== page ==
CHINET, China American Society of Microbiology 16 December 2020 https://www.ncbi.nlm.nih.gov/pmc/articles/PMC7927829/pdf/AAC.01726-20.pdf
CHINET, China American Society of Microbiology 12 July 2022 https://www.ncbi.nlm.nih.gov/pmc/articles/PMC9431184/pdf/spectrum.01854-22.pdf

The following table is picked from one of the papers above. Here we can see that FEP-ZID at 1:1 ratio is the only drug that is consistently active against all resistances, be it ESBL or Carbapanem and at low MICs. Others like Meropenem-Nacubactam (MER-NAC) or Cefepime-Taniborbactam (FEP-TAN) are at their breakpoint dilutions against lot of the Carbapenem resistant strains, whereal FEP:ZID 1:1 is several dilutions away from breakpoint due to Zidebactam’s BLE characteristics.


These include E. Coli, Klebsiella etc. and resistance can vary from ESBLs, Carbapanemases to MBL-producing. Pathogenic strains of E. coli that devleop these resistances can be very hard to deal with.

Here are some papers published on WCK 5222’s performance against E. coli

Who Where When Link
Instituto de Investigación Biomédica A Coruña, Spain American Society of Microbiology 15 February 2022 https://www.ncbi.nlm.nih.gov/pmc/articles/PMC8846464/pdf/aac.01676-21.pdf
JMI Laboratories, USA American Society of Microbiology 27 February 2017 https://www.ncbi.nlm.nih.gov/pmc/articles/PMC5404591/pdf/e00072-17.pdf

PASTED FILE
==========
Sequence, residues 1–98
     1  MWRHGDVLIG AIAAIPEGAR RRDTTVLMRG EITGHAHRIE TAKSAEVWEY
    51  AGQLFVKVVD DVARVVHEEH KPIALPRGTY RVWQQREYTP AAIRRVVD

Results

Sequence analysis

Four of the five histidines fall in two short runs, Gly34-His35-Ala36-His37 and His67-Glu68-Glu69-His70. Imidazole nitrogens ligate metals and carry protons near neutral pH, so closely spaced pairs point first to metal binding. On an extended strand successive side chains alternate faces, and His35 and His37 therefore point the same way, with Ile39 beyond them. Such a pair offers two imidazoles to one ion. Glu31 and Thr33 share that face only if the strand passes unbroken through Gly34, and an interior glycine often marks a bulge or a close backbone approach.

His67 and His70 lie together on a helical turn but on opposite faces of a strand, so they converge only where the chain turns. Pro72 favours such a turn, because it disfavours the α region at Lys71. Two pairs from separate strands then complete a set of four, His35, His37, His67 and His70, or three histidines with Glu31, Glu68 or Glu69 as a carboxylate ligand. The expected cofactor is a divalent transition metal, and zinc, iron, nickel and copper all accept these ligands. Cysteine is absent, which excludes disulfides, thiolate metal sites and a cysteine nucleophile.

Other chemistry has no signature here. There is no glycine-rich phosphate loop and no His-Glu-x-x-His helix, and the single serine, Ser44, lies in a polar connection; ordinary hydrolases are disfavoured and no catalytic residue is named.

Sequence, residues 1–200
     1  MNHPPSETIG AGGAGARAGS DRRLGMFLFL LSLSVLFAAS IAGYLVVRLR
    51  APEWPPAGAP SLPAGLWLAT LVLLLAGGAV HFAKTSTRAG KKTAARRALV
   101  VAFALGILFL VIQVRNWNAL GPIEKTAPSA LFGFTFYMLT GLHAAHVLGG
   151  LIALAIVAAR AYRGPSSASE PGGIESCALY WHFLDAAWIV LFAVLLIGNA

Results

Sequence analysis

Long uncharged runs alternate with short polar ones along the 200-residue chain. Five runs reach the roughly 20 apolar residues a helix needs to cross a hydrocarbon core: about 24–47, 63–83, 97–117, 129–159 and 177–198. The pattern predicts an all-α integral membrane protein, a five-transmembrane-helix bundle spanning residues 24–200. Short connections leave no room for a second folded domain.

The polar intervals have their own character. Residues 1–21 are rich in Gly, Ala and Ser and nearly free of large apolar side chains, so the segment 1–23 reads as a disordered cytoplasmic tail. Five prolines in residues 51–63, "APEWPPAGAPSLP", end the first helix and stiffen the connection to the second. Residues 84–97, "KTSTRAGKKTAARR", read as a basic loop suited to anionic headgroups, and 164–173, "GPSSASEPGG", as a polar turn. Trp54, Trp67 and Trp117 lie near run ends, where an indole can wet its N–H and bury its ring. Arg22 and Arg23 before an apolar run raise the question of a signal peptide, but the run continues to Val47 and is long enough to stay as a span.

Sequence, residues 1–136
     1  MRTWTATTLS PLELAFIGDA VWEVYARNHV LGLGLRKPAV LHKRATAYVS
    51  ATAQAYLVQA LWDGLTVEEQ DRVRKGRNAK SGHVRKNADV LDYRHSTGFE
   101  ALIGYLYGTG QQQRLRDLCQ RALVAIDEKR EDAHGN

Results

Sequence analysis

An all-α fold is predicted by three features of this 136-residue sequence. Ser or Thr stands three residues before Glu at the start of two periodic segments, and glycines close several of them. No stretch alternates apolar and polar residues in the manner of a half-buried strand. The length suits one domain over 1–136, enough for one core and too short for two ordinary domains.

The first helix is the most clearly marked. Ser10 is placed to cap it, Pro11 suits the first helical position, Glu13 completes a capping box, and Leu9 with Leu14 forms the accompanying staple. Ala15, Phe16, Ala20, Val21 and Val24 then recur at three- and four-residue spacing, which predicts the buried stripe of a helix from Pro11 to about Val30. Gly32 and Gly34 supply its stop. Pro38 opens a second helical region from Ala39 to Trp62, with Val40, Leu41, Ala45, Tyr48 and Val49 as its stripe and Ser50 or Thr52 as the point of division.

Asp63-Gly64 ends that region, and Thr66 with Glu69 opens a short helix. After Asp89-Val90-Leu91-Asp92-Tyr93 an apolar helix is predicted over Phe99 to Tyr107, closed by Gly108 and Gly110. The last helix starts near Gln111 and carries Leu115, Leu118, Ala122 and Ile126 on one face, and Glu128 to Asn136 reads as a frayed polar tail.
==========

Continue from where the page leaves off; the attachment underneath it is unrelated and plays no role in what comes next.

Center for Pharmacometrics and Pharmacology, University of Florida, USA American Society of Microbiology 19 February 2019 https://www.ncbi.nlm.nih.gov/pmc/articles/PMC6496095/pdf/AAC.00128-19.pdf
Dept. of Pathology and Lab Medicine, University of Louisville, KY, USA Antibiotics, MDPI, Basel, Switzerland 23 March 2019 https://www.ncbi.nlm.nih.gov/pmc/articles/PMC6466586/pdf/antibiotics-08-00032.pdf
JMI Labs, USA Journal of Antimicrobiasl Chemotherapy 13 June 2022 https://journals.asm.org/doi/full/10.1128/aac.01432-20
CHINET, China American Society of Microbiology 16 December 2020 https://www.ncbi.nlm.nih.gov/pmc/articles/PMC7927829/pdf/AAC.01726-20.pdf
CHINET, China American Society of Microbiology 12 July 2022 https://www.ncbi.nlm.nih.gov/pmc/articles/PMC9431184/pdf/spectrum.01854-22.pdf

The following table is picked from one of the papers above and it shows that FEP-ZID is active at fairly low MICs against all known resistance strains be it ESBL or Carbapenamase. WCK 5222 shines here too.

While couple of other drugs like MER-NACU or FEP-TAN are also effective, they are not effective against all at consistently lower dilutions. In a hospital setting where time-constraints will limit screening for the pathogens, the broadest, most-effective at lower dilution (away from the resistance breakpoint as we saw in previous post) will tend to be preferred as first-in-line defence.

Acinetobacter Baumannii